Low-frequency fatigue, post-tetanic potentiation and their interaction at different muscle lengths following eccentric exercise

J. M. Rijkelijkhuizen
2005 Journal of Experimental Biology  
Low-frequency fatigue (LFF) and post-tetanic potentiation (PTP) were quantified at different muscle lengths in rat medial gastrocnemius (GM) muscle. In situ experiments were performed on GM muscle-tendon complexes of anaesthetised (urethane, 1.5·g·kg -1 i.p.) Wistar rats (N=8). Force-length characteristics were determined at maximal (200·Hz) and submaximal (60·Hz) stimulation. Data for submaximally stimulated muscle were obtained in a non-potentiated and in a potentiated condition. LFF was
more » ... ed by a series of 40 eccentric contractions. Post-exercise (40-80·min), data for the force-length relationships were obtained once more. Whereas force loss at 200·Hz-stimulation was least at optimum muscle length, L 0,200Hz , (17.0±1.4%, mean ± S.E.M.), force loss at 60·Hz-stimulation was maximal near L 0,200Hz (55.1±4.3% at L 0,200Hz -1·mm). When the muscle was potentiated, force loss at 60·Hz-stimulation was maximal at short muscle length: L 0,200Hz -4·mm (53.5±3.8%). The extent of LFF, quantified by a decrease in the 60:200·Hz force ratio, varied with muscle length: LFF increased with decreasing muscle lengths when muscles were potentiated. However, in the non-potentiated condition, LFF was maximal at a length just below L 0,200Hz ; the 60:200·Hz force ratio had decreased to 54.6±5.9% of the pre-exercise ratio at L 0,200Hz -1·mm. Compared with the non-potentiated condition, LFF was less pronounced in the potentiated condition. PTP counteracted LFF particularly at long muscle lengths. However, at short muscle lengths, LFF was still observed in potentiated muscles.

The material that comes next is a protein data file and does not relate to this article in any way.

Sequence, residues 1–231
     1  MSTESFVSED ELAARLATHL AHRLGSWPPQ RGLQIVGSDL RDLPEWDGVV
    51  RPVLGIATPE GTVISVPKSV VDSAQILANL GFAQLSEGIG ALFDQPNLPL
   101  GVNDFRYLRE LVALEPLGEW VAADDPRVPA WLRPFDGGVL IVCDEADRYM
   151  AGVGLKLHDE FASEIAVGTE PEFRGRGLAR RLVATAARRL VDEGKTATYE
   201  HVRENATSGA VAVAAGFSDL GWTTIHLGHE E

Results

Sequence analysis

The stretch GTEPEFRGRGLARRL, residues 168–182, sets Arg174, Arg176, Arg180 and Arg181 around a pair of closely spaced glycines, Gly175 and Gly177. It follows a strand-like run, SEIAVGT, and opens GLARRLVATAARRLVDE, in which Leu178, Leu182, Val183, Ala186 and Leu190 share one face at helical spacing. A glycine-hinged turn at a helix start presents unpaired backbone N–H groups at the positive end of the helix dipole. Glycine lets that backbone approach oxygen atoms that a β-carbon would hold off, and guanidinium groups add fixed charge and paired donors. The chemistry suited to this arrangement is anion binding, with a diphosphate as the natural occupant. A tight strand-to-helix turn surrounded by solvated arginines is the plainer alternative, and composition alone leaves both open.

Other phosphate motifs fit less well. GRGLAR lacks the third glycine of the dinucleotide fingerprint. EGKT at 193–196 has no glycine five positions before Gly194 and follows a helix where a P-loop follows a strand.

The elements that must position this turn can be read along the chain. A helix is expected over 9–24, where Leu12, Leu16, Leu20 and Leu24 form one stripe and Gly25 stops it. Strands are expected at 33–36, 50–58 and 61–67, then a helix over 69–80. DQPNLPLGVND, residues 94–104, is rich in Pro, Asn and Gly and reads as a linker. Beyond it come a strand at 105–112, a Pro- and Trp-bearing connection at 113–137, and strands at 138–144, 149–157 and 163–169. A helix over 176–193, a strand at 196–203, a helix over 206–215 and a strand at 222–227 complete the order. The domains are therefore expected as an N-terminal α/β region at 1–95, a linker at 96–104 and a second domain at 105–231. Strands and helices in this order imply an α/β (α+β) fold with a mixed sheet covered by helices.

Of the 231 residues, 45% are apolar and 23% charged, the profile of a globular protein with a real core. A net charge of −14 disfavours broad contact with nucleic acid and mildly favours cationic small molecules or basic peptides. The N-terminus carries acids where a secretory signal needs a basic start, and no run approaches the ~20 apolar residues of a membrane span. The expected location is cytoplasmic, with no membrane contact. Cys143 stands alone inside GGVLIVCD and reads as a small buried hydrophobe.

doi:10.1242/jeb.01329 pmid:15601877 fatcat:euwqho6wfzaxpbadh7qxl5oebq